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Butt, Beckles and Ritterman for City Council
Butt, Beckles and Ritterman for City Council

Executive Summary

Until less than two years ago, the Richmond City Council was a remarkably collaborative legislative body that had pulled together as a team to emerge strongly from a financial crisis with balanced budgets, healthy reserves, a top notch management team and an optimistic future.

Then something went terribly wrong. A self-appointed group now known as the Chevron Clique formed a majority, broke ranks and began to pursue irrational policies and cater to special interests.

Richmond needs a City Council of independent thinkers who place the people of Richmond first. The 2008 November election is an opportunity to break up the Chevron Clique by re-electing Tom Butt and replacing John Marquez and Nat Bates with Jovanka Beckles and Dr. Jeff Ritterman.

Please read on for details.

A Fragmented City Council

The Richmond City Council has become severely fragmented in an unhealthy way, torn asunder by a self-appointed and increasingly irrational majority who have strayed from serving the people of Richmond. Voters have an opportunity in a little over two months to correct this course.

One thing I have learned in the past 13 years is that Richmond residents want to see teamwork from their City Council. Although some are entertained by quarreling, and political differences are to be expected in any legislative body, Richmonders, by and large, expect collaboration and cooperation to prevail at the end of the day.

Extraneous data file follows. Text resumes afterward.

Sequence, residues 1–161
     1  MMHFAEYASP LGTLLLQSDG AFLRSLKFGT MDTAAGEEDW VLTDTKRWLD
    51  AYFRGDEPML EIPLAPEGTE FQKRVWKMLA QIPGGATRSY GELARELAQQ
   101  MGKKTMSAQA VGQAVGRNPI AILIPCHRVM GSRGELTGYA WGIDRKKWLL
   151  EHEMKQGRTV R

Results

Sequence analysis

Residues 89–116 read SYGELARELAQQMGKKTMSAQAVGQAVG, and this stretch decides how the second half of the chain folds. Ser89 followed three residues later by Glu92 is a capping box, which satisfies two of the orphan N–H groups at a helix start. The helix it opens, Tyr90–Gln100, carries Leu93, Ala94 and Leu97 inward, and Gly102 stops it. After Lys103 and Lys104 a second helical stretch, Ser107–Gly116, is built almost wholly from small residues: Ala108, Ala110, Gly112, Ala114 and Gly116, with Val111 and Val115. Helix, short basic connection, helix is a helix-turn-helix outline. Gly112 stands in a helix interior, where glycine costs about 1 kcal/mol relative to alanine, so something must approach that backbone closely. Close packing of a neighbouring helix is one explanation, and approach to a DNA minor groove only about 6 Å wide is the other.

Following is a description of what went wrong and how the people of Richmond can fix it;

During the financial crises of 2004 and its aftermath, the City Council was uniquely united. We worked with the public employee unions to realign benefits in a way the City could afford, and we avoided the kind of problems that eventually drove Vallejo into bankruptcy and have caused drastic budget cuts and layoffs in other cities and counties. We hired a no-nonsense interim city manager, Phil Batchelor, who moved quickly to clean up abuses and malfunctions that had been festering for years. Then we hired Bill Lindsay who continued to bring professionalism to the City and built a top notch management team. We balanced the budget and built a healthy reserve.

A year ago (August 18, 2007), the West County Times reviewed the City’s progress optimistically:

Despite the dustups, the council has successfully continued to regain the respect of city residents and the Bay Area.

Perhaps most significantly, the city regained its favored bond ratings from both Moody's Investor Service and Standard & Poors thanks to the council's consistent fiscal discipline. The favored bond rating is doubtless a sign of financial recovery from a $35 million budget crisis in 2004 that resulted from six years of gross mismanagement under former City Manager Isiah Turner.

The council also doubled the annual funding for critically needed street repairs and launched the $111 million first phase of the Civic Center renovation.